Syrian Rebels Spurn Coalition, Call for Islamist Leadership

Groups Want Rebels Organized Under Sharia Law

The Syrian National Coalition (SNC), the Western-backed “leadership” of the rebellion, has faced an ever growing crisis of confidence, with its own membership mostly fighting over who gets to be “prime minister in exile” at any given time, and unable to organize much of anything.

But their claims of leadership over the rebellion are also being outright rejected by many of the fighting forces on the ground, with 13 powerful factions issuing a joint statement today saying the SNC doesn’t represent them in any way.

The SNC commands at least a little support from the Free Syrian Army (FSA), though at times it is unclear which organization is running which. There’s no pretense that the SNC can command much of anyone else, however, and that means the overwhelming majority of rebels remain outside their control.

Today’s statement included a number of al-Qaeda dominated factions and other major players in the civil war, and called for a new leadership, with the rebellion reorganized under an Islamic framework, and run according to al-Qaeda’s particularly harsh interpretation of Sharia Law.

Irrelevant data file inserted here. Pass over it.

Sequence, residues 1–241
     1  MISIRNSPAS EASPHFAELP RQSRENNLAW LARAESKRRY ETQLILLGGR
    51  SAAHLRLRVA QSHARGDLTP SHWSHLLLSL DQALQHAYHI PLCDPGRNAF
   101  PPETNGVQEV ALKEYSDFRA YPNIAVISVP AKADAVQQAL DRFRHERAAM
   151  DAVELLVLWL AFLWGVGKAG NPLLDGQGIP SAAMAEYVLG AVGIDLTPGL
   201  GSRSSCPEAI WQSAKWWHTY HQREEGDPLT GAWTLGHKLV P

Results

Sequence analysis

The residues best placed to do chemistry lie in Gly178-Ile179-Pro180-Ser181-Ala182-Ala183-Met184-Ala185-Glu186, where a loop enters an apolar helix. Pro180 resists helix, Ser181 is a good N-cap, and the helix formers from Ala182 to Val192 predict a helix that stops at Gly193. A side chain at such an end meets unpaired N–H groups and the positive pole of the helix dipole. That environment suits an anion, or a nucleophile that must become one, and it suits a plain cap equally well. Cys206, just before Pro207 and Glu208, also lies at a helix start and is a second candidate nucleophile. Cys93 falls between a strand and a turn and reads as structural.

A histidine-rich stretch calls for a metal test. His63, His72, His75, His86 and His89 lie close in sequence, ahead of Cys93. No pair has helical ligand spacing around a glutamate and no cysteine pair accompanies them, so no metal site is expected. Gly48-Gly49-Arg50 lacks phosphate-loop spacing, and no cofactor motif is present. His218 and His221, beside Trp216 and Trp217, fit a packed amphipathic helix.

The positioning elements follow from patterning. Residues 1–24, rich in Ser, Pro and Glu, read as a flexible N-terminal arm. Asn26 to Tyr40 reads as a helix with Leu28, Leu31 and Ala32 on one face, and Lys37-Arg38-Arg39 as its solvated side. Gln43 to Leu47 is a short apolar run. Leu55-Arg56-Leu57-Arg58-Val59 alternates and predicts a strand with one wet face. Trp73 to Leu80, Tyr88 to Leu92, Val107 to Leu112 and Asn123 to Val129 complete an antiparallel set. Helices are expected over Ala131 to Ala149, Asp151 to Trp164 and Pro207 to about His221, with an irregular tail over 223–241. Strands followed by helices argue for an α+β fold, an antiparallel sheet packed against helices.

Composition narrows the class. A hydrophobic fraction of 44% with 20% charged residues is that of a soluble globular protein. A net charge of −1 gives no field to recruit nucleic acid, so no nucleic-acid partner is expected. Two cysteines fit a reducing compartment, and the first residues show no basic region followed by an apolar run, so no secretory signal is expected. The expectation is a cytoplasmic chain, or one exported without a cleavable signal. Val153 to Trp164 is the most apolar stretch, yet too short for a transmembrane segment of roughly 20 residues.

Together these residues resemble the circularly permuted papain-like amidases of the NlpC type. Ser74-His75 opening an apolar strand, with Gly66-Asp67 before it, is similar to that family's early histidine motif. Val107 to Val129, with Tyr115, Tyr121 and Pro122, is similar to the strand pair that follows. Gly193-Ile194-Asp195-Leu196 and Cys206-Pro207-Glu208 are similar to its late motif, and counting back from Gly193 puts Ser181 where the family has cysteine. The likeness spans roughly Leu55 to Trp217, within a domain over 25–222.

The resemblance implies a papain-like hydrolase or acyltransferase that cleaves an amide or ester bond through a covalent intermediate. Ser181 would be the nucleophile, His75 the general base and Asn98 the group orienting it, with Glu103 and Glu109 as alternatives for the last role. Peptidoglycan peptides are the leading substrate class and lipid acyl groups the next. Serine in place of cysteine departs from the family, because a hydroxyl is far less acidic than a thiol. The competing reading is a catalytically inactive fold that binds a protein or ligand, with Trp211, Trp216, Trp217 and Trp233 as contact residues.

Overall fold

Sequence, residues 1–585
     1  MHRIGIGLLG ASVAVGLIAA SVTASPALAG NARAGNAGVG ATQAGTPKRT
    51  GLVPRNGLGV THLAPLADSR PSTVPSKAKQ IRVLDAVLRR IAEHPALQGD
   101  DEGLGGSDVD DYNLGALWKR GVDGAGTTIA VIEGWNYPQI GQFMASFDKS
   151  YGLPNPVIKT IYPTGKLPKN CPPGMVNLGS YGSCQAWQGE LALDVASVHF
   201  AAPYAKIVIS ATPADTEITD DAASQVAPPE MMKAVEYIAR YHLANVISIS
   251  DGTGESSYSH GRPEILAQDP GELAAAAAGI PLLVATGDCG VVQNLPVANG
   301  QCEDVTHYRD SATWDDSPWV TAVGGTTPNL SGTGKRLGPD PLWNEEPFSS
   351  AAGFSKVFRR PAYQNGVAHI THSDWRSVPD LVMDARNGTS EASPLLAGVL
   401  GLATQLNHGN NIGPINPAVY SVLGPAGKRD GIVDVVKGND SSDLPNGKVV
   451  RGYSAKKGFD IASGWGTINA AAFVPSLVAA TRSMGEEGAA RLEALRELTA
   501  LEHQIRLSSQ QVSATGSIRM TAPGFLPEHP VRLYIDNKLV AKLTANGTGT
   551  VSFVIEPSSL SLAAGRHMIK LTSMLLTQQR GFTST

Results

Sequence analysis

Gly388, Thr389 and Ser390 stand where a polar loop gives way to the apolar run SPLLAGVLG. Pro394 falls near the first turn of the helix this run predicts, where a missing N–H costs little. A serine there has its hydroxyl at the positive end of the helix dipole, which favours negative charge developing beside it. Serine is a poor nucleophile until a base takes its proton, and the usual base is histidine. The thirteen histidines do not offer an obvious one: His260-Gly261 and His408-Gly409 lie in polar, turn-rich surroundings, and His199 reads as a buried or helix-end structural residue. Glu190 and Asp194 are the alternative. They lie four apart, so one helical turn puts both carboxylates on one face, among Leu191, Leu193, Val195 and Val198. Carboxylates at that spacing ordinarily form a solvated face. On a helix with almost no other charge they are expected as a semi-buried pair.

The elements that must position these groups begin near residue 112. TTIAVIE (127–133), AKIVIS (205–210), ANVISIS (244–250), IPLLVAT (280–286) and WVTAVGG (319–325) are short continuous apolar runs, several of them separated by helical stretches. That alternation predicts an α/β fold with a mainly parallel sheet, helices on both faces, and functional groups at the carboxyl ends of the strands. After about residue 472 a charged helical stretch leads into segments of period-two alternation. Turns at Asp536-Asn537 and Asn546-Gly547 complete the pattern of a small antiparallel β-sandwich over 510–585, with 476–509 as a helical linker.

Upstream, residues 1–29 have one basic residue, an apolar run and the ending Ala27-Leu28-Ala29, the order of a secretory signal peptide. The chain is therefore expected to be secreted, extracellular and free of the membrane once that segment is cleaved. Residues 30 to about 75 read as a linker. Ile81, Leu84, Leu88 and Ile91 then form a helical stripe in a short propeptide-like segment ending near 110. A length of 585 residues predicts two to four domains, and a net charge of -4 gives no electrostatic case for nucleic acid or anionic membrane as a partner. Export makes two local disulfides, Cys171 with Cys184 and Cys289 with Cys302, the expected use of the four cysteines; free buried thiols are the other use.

The SNC had tried to court Islamists repeatedly by stocking its leadership council with moderate Islamist factions like the Muslim Brotherhood, but it’s more apparent than ever that this tactic has failed, and that the rebellion is flying apart at the seams.

This is a problem not just for coordinating attacks or keeping the rebels from fighting one another, but also for the Geneva 2 conference, which after months of delay is still waiting on the rebels to come to the table. The SNC gave some lip-service to participating, but only if the Syrian government capitulated to all of their demands before the conference began. Since the SNC can’t credibly claim to speak for most of the rebel fighters, however, even getting them to the table doesn’t mean they can hammer out a deal to really end the war.

Author: Jason Ditz

Jason Ditz is Senior Editor for He has 20 years of experience in foreign policy research and his work has appeared in The American Conservative, Responsible Statecraft, Forbes, Toronto Star, Minneapolis Star-Tribune, Providence Journal, Washington Times, and the Detroit Free Press.